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Platinum Coast Cat Fanciers show scheduled for July 21-22

July 18, 2018
By MEGHAN McCOY (news@breezenewspapers.com) , Lehigh Acres Citizen

The Platinum Coast Cat Fanciers is gearing up for its annual CFA Allbreed Championship & Household Pet Cat Show.

The Fur N' Feathers show is set for Saturday, July 21, and Sunday, July 22, from 9 a.m. to 4 p.m. at the Araba Temple, in Fort Myers. Tickets are $8.

"We are now entering our 28th year of cat show production. We started here in 1992, but they held two shows prior to that before it incorporated," Show Treasurer and Secretary Charlene Campbell said of Platinum Coast Cat Fanciers.

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Grand Champion National Breed Winner, GC BWR RW Walnuthollow’s Heat Stroke.

Photo by Larry Johnson Photography

The cat club began after several people from Cape Coral and Fort Myers wanted to put on a cat show.

"They thought Southwest Florida would be a great place to have a cat show and that is how it all started," she said.

Campbell said there are coupons available at catshow.us, such as $1 off admission and a Family Plan, which includes tickets for four people for $20.

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There will be six allbreed, two specialty and eight household pet rings with a back-to-back format.

"We are expecting around 100" entries, Campbell said, which has been the average for the last six years.

There are four divisions, Championships, Premiership, Kitten up to eight months old and Household Pet.

The closing date for entries was Tuesday at 6 p.m., or at 225 entries. Those interested can check to enter their cat online at catshows.us, or email Campbell atjcampbell4244@aol.com.

The entries will be seen by eight separate judges. Four judges will look at every cat on Saturday and four new judges will look at all the cats on Sunday.

The judges will pick their top 10 in each division, which are staggered throughout the day.

"Almost any time after lunch you will see a final in any one of those categories," she said.

Lehigh resident Patty Arnold has been breeding cats for more than 20 years. She began showing Abyssinian cats in the 1990s before she began breeding Ocicats, which she now shows.

"A friend that I met there was breeding Ocicats. We worked together and started going to shows and one thing led to another," she said.

Still to this day, she attends cat shows.

"It gets me out. That is actually my social life. I see different parts of the world and places that I wouldn't ever get to see," Arnold said of traveling to such countries as Russia and France. "I have friends all over the world. We get together and have dinner after the shows. It's a nice social network and it keeps me out of the house and out of trouble. I really enjoy it."

The Ocicat was started by a Siamese breeder out of Detroit, she explained. The breeder always loved the Abyssinians and thought it would be a cool idea to breed the Abyssinian and Siamese.

"She got what she wanted out of the breeding. In the second breeding there was one spotted kitten," which the breeder's daughter said looked like an ocelot, Arnold said.

The Ocicat looks like a wild cat, but does not have the temperament.

"They are extremely people oriented," she said of the breed. "They are social, fun and friendly. They are toy driven and love to play and be with their people. They get along well with other animals. They are more like a child than having a pet. They have to be involved in whatever you are doing. When someone comes to the door, they don't run and hide. They are right there with you, sitting and waiting to see who it is. They are definitely part of the family."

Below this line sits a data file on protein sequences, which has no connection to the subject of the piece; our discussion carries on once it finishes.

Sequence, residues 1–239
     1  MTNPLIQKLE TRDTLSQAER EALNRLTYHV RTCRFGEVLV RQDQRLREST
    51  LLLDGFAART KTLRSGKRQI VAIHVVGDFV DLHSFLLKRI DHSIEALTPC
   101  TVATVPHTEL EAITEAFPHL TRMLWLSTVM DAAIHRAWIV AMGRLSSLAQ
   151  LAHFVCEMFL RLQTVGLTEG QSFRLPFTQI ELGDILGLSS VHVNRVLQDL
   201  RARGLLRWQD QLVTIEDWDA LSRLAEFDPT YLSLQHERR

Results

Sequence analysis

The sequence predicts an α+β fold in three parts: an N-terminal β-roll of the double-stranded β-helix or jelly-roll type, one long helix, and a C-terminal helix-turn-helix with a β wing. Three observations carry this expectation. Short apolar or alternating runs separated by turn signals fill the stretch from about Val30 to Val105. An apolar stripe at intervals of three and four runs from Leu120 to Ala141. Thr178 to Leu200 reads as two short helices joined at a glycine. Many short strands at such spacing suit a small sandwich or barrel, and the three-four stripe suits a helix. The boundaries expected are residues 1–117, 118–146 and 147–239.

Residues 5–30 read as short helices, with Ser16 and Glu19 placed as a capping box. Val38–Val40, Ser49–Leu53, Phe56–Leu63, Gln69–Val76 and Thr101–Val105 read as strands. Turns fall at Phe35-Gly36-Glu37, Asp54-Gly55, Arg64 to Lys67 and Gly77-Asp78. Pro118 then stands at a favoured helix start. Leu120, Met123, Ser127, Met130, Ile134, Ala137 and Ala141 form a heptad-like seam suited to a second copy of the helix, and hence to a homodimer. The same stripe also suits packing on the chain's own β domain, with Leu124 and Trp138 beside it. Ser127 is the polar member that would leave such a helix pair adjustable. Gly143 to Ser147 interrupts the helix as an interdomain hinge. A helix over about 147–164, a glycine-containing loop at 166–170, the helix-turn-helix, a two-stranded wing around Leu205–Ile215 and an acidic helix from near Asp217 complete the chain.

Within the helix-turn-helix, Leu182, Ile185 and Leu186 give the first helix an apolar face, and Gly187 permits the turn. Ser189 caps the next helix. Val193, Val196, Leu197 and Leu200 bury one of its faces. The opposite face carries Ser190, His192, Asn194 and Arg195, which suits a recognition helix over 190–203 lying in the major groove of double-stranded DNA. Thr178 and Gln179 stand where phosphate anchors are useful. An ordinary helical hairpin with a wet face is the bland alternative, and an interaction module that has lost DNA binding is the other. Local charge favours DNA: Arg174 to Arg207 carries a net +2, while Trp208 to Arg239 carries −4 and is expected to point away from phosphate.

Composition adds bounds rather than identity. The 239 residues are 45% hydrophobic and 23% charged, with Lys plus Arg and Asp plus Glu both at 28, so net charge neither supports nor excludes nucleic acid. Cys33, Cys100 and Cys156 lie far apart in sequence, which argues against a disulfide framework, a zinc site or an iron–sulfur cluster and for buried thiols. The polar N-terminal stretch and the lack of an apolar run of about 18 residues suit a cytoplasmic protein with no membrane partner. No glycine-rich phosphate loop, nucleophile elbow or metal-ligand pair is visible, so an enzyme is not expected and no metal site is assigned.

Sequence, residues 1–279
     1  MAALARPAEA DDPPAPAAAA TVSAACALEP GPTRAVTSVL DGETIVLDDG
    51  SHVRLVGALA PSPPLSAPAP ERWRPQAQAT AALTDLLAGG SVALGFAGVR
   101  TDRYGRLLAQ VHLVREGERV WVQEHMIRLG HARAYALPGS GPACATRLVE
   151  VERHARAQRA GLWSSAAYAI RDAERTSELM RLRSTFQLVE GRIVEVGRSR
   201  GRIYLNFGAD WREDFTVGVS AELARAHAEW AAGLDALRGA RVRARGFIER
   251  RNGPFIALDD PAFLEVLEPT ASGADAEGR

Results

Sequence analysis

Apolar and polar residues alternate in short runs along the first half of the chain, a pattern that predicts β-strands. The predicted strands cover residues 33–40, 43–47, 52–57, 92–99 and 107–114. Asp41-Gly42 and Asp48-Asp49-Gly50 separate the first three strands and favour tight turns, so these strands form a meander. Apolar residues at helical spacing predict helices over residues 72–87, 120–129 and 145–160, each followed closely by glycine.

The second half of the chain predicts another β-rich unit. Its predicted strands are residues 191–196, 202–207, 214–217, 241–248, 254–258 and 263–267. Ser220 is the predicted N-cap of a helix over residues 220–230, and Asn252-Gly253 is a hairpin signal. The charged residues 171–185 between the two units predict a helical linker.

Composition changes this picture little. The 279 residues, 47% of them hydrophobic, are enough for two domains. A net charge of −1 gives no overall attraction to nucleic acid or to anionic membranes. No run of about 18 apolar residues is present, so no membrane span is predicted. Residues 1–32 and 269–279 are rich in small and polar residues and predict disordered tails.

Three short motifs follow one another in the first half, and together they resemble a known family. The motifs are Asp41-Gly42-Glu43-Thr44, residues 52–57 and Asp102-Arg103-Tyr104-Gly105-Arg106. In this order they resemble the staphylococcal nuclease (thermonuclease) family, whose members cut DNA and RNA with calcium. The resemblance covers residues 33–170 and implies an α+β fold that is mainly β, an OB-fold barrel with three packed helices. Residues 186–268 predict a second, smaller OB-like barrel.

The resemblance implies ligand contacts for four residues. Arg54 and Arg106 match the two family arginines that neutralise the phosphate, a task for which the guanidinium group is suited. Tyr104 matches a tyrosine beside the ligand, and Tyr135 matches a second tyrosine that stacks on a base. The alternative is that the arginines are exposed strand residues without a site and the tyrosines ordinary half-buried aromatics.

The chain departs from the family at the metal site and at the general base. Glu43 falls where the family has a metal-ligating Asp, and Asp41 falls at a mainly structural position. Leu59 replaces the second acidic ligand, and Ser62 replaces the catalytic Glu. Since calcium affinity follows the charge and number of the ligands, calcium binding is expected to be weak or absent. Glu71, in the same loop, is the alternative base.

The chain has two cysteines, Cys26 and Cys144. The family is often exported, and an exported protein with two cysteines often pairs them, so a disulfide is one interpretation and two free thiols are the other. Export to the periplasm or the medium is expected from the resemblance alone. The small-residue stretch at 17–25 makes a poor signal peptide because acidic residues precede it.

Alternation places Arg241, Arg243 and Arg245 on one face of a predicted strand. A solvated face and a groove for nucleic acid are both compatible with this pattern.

Arnold encourages individuals to come out to the show because it is going to be a lot of fun and educational.

"People need to learn about cats. Cats are really cool," she said.

This year the show is featuring something new, "Meet the Breed," an educational component. She said a breeder will provide information about a specific breed in a 20- to 30-minute presentation. Such information as where the breed originated, the pros and cons of the breed and its coloring will be discussed.

"We are planning on four breeds on Saturday and four to five breeds on Sunday. All different ones," Campbell explained. "It will be interesting and fun."

Another component of the show will feature about a dozen rescues of Southwest Florida. Campbell said they show their favorite cat in the household pet division, as well as bring some additional cats that are adoptable.

There will also be vendors in attendance with cat supplies and toys as well as artists.

"Come with your favorite picture of your cat and say I would like a 24x24 picture of Fluffy. Here you can do that," Campbell said.

There will be snacks and burger available for purchase.

Campbell said her favorite part of the show, "it always cracks me up, is the household category." She said the category always surprises her, especially with what the shelters bring to show.

"They can come and compete with fellow rescues and show off their cats and show off the cats at the shelter," Campbell said. "I have done rescue and I still do rescue. I love watching them. They always have the cutest cats that do the darndest thing. It's just a beauty contest. It's just fabulous," Campbell said.

She said she sends out an invitation to 24 rescues, with at least 10 or 11 joining them.

"Some people are afraid to go to the rescue. They can make a relationship with the rescue (at the cat show), meet the kitties and adopt right then and there," Campbell said. "When you make a contact you feel more comfortable going there (the rescue) to look. It's a win-win for everybody."

 
 

 

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